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About Strong Encryption

Blowfish Algorithm

Of the hundreds of encryption algorithms available today, Blowfish stands out as the industry leader and has been selected by GotData? as its encryption algorithm.

Blowfish is a symmetric encryption algorithm designed in 1993 by Bruce Schneier as an alternative to existing encryption algorithms such as DES. Unlike DES, however, the Blowfish algorithm has a variable key length, which can be extended from 32 bits to 448 bits, making this a more secure alternative. Blowfish is a 64-bit cipher (i.e. a cryptographic key and algorithm are applied to a block of data rather than single bits).

Blowfish is a fast, free alternative to existing algorithms and has been analyzed considerably through years of peer review.

Length = Strength

Finding the plain text of an encrypted message without knowing the key is called "cracking" an algorithm. This brute-force attack consists of trying all possible values of keys until the right one is found.

It is easy to demonstrate that in the case of brute-force attack, the security increases together with the length of the key. If the key is 8 bits long, there are 2(to the power of 8), or 256 possible combinations. With a key of 40 bits this is increased to 2(to the power of 40), or one thousand billion combinations. The protection then resides on the time needed for a computer to perform its attack. Based on these premises as well as numerous industry trials, it is common opinion today that:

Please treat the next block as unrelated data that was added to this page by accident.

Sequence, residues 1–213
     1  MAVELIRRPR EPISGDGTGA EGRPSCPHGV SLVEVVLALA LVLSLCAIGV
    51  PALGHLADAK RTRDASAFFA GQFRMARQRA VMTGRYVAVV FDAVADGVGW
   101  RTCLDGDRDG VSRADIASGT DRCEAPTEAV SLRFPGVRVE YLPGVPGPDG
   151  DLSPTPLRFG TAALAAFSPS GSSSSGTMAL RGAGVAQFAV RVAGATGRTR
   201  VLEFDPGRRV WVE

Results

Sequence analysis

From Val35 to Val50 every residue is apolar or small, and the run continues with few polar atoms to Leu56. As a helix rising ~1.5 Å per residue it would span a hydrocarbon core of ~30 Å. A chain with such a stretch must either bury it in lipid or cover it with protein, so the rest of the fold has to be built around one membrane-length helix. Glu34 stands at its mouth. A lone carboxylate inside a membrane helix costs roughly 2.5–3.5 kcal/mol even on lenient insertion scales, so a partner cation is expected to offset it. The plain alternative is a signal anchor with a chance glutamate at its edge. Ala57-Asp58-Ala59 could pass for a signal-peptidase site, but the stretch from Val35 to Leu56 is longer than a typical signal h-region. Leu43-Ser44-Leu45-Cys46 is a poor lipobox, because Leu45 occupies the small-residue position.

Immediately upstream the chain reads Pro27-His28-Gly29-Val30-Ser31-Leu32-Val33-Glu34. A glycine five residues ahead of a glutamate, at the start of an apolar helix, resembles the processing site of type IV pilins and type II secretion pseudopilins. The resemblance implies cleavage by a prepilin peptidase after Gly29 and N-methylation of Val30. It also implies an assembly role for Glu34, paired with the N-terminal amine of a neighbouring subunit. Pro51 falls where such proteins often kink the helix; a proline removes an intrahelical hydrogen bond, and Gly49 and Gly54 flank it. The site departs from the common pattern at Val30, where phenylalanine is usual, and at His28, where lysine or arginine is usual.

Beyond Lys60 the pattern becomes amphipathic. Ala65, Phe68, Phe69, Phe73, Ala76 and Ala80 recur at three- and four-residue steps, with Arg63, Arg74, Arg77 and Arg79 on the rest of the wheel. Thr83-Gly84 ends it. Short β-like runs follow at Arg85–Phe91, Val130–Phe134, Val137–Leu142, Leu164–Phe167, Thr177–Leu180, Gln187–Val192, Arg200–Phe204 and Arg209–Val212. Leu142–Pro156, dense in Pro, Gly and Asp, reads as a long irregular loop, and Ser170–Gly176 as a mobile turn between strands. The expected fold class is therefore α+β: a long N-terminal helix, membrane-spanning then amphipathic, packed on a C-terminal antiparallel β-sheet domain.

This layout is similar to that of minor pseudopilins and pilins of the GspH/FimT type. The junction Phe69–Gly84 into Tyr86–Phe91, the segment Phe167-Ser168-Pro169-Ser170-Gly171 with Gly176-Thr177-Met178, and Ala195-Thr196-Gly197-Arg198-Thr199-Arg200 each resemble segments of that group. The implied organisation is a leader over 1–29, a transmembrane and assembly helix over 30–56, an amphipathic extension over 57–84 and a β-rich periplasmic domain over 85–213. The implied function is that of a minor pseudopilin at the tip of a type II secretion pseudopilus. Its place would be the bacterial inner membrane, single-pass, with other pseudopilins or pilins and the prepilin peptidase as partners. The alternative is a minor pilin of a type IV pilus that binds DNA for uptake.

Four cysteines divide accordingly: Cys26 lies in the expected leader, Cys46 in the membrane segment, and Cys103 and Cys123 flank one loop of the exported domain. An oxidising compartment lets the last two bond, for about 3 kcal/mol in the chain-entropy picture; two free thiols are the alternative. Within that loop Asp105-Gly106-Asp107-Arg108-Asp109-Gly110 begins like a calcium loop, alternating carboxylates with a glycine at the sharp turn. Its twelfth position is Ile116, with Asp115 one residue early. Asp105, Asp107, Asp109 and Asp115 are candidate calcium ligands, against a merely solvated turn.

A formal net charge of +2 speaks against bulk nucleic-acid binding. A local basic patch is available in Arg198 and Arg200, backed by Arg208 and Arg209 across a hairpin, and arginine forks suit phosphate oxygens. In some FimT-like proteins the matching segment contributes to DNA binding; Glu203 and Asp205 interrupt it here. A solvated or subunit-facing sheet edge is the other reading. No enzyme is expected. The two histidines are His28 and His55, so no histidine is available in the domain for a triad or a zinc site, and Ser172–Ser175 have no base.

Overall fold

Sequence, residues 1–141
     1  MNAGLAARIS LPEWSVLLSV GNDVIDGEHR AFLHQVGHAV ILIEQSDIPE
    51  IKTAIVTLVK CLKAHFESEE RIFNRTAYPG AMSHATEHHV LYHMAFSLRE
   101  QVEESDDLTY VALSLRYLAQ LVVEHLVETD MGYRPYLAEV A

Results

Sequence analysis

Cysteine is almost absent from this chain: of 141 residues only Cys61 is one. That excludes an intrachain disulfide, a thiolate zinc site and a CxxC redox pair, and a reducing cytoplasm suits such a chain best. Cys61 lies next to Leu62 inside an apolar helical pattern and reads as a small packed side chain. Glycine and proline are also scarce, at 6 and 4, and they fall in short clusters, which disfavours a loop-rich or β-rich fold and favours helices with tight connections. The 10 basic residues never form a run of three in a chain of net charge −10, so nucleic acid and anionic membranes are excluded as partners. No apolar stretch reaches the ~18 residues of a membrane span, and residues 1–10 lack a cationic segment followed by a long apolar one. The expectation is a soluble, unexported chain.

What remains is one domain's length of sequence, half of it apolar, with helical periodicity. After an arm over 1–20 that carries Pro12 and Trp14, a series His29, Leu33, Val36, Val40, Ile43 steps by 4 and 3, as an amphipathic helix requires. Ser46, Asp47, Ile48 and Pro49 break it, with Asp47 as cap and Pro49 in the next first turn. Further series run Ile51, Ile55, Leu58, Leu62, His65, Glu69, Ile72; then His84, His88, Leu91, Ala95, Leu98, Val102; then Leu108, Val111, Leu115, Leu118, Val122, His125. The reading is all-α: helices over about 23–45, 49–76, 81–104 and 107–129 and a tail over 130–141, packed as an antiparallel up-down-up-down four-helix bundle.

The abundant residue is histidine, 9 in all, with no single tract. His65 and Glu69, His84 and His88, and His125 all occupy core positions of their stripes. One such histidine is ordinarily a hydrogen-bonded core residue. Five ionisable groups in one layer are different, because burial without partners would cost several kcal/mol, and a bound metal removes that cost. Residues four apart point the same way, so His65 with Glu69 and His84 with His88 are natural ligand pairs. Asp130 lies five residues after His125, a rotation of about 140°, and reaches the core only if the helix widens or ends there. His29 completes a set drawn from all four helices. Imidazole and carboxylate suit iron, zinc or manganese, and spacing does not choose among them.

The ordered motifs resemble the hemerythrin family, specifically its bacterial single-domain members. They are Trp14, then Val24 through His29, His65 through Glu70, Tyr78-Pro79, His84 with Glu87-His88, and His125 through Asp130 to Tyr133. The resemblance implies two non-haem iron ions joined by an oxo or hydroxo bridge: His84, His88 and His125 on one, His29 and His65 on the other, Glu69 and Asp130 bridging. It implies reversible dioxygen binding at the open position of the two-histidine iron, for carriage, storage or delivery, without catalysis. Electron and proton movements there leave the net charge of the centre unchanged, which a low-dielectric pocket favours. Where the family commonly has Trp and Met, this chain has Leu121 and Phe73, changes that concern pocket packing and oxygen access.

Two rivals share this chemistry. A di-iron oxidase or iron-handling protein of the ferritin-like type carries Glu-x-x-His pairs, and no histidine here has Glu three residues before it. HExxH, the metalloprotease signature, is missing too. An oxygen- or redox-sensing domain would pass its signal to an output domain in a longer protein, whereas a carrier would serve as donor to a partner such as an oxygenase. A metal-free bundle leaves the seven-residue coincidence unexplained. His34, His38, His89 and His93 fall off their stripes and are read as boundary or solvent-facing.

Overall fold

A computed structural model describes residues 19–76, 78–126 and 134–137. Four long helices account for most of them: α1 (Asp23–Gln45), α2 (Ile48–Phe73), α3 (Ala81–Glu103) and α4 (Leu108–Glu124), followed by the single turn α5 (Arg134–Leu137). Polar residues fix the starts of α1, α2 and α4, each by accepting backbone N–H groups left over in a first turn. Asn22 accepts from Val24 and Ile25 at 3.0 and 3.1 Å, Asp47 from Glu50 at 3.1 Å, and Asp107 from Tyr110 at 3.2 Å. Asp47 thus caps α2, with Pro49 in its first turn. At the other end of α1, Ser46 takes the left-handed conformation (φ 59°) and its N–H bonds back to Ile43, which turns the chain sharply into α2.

• 40-bit key algorithms are useless as they can be "cracked" within a few hours by an average personal computer.
  • 64-bit algorithms are safe today but will become threatened as technology evolves.
  • 128-bit and over algorithms are almost unbreakable. In other words, it would take millions of years to try every possible combination of bits in a 128-bit key.

Based on calculations it can be said that a 128-bit encryption is not just three times stronger than a 40-bit encryption—it is 309,485,009,821,345,068,724,781,056 times stronger. Likewise, a 448-bit encryption key is 2.1 x 1096 stronger than a 128-bit key.


The speed of the blowfish algorithm is also impressive. The table below illustrates the effective throughput of the algorithm and shows how even large key lengths result in much faster performance than other encryption algorithms.

Speed Comparisons of Block Ciphers on a Pentium

Algorithm Clock cycles per round # of rounds # of clock cycles per byte encrypted
Blowfish 9 16 18
Khufu/Khafre 5 32 20
RC5 12 16 23
DES 18 16 45
IDEA 50 8 50
Triple-DES 18 48 108